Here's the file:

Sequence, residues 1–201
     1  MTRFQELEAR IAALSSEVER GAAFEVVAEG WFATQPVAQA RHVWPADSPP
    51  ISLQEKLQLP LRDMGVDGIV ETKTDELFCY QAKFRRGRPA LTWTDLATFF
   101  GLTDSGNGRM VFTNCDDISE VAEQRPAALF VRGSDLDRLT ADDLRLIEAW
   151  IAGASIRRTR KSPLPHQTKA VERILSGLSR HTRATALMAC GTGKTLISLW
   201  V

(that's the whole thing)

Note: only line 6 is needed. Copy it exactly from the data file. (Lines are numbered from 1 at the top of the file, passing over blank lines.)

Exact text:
   201  V